Overcoming 'Survivor Syndrome' after Layoffs

Has your organization, like so many others, had to conduct layoffs due to this recession? What’s your take on those actions? Do you believe they were truly necessary for the company to survive and that the company handled the process well with frequent, honest communications? Or were you perhaps the victim of a ham-handed redundancy exercise that used the recession as an excuse to cut headcount?

The Conference Board recently issued a report (press release available here. The full report is available to members.) that looks at precisely these issues – how company communications around layoffs drive employee perceptions and reactions to the situation. This in turn affects how well “survivors” perform and re-engage with the company.

Overcoming survivor syndrome – “the low morale, reduced commitment, and lack of loyalty and trust suffered by those remaining employed at downsized companies” – is critical for a company wishing to remain competitive today and able to lead in the upturn. One way to do this during a down economy is by feeding employee needs for psychic income – social acceptance, increased self-esteem and self realization that can never be met through compensation.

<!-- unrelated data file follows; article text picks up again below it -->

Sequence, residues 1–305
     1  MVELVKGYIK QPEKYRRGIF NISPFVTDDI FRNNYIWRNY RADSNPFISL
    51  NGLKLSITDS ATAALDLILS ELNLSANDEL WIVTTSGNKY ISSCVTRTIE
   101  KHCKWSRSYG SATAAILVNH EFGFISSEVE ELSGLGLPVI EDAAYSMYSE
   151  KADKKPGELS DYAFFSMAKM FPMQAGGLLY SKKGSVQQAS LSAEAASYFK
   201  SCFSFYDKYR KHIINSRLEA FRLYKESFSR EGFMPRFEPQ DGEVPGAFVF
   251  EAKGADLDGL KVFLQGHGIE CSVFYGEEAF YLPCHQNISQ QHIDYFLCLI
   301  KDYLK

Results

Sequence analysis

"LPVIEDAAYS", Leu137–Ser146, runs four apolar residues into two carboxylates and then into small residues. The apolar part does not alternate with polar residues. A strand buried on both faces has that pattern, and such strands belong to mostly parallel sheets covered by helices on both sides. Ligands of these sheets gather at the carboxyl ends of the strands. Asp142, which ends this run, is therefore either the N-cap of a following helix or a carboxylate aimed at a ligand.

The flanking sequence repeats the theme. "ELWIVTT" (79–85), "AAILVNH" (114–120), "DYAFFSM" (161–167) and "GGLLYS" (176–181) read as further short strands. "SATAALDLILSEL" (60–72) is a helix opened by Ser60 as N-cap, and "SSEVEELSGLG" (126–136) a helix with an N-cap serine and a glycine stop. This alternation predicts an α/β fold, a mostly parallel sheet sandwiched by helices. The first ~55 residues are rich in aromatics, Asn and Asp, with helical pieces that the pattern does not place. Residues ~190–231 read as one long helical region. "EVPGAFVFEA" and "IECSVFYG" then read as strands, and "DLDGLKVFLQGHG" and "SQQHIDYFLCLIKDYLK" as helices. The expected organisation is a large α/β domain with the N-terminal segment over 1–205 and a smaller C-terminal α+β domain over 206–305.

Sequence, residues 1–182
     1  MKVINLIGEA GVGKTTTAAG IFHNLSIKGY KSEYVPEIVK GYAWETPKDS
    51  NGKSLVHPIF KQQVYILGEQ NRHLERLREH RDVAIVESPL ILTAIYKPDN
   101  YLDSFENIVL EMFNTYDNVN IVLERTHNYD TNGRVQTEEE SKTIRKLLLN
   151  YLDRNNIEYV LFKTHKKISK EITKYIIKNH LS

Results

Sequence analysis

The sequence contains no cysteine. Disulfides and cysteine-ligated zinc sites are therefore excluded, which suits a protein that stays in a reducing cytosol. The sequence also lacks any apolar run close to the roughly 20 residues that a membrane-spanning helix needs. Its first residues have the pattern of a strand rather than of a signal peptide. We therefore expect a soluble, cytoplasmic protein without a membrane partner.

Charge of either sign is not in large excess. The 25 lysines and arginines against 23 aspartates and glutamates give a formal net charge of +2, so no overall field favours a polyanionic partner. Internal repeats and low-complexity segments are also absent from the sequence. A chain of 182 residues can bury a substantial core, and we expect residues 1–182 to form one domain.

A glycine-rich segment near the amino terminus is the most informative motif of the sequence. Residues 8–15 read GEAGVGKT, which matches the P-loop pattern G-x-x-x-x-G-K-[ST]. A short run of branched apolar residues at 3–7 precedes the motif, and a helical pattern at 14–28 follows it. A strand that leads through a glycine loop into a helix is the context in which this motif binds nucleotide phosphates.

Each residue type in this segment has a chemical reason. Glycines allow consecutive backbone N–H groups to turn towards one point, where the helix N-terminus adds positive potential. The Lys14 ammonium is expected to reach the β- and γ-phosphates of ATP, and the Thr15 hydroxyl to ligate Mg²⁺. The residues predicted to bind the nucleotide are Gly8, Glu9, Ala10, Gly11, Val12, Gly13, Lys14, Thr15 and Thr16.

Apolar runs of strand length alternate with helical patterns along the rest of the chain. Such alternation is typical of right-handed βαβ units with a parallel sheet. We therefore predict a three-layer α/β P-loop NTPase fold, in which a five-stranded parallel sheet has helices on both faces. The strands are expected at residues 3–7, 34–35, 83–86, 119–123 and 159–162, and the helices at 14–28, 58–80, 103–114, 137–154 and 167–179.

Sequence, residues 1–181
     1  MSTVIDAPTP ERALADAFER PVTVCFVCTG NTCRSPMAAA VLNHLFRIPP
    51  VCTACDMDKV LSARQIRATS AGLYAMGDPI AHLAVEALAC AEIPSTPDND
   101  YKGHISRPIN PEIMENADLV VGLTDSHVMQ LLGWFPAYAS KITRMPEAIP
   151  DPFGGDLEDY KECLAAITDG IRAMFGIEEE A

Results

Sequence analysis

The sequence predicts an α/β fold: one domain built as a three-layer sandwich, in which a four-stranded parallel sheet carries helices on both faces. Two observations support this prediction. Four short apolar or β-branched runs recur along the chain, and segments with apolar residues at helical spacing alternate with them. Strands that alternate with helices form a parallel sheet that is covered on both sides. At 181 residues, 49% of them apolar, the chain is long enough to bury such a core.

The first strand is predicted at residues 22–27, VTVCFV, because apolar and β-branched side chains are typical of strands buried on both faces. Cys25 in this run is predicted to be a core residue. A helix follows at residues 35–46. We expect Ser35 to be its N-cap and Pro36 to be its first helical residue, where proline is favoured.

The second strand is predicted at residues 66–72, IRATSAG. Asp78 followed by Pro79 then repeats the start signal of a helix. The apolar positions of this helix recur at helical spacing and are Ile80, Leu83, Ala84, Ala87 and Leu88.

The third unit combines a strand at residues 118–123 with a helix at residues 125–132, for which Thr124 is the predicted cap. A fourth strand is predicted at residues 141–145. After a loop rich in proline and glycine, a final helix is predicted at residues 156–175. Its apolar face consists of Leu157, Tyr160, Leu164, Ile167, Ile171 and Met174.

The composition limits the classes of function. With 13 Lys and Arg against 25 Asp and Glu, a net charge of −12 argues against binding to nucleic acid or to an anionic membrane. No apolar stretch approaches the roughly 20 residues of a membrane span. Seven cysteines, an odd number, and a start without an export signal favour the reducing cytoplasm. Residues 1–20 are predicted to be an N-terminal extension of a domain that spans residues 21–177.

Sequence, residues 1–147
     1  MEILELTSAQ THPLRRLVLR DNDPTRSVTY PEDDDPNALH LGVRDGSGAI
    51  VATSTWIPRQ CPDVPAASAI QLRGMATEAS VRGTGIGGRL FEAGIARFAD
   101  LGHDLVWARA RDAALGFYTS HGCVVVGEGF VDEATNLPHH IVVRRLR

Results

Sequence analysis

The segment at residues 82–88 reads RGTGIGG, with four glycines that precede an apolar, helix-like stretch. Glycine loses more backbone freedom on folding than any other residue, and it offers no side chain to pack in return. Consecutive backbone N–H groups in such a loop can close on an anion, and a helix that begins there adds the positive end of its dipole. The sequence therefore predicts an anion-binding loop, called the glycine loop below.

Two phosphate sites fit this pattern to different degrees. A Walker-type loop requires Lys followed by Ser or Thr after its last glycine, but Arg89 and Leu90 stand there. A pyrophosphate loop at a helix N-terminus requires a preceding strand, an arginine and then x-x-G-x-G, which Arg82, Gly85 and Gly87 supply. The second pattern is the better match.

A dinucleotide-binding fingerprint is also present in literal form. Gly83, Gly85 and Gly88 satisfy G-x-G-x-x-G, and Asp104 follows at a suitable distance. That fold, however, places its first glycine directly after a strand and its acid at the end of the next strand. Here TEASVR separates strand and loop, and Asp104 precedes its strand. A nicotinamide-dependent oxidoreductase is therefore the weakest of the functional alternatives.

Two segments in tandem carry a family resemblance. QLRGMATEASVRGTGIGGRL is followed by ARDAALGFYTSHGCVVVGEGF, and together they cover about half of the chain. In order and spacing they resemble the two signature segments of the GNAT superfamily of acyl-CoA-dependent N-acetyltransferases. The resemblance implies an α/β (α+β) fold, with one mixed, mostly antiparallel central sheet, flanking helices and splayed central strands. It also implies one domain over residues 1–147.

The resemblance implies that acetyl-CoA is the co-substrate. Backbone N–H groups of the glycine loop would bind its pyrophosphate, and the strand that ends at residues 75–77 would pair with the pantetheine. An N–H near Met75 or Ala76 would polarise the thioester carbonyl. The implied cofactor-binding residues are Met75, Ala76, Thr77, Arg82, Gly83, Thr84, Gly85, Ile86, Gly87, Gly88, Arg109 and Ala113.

The most effective way to do this is through frequent recognition of employee efforts to assist their teams and the company in succeeding. Acknowledging the pressure and fear they may feel while appreciating their efforts to continue to perform at a high level helps employees overcome the equally devastating psychological recession many are currently experiencing as well.

What's your "survivor" status?

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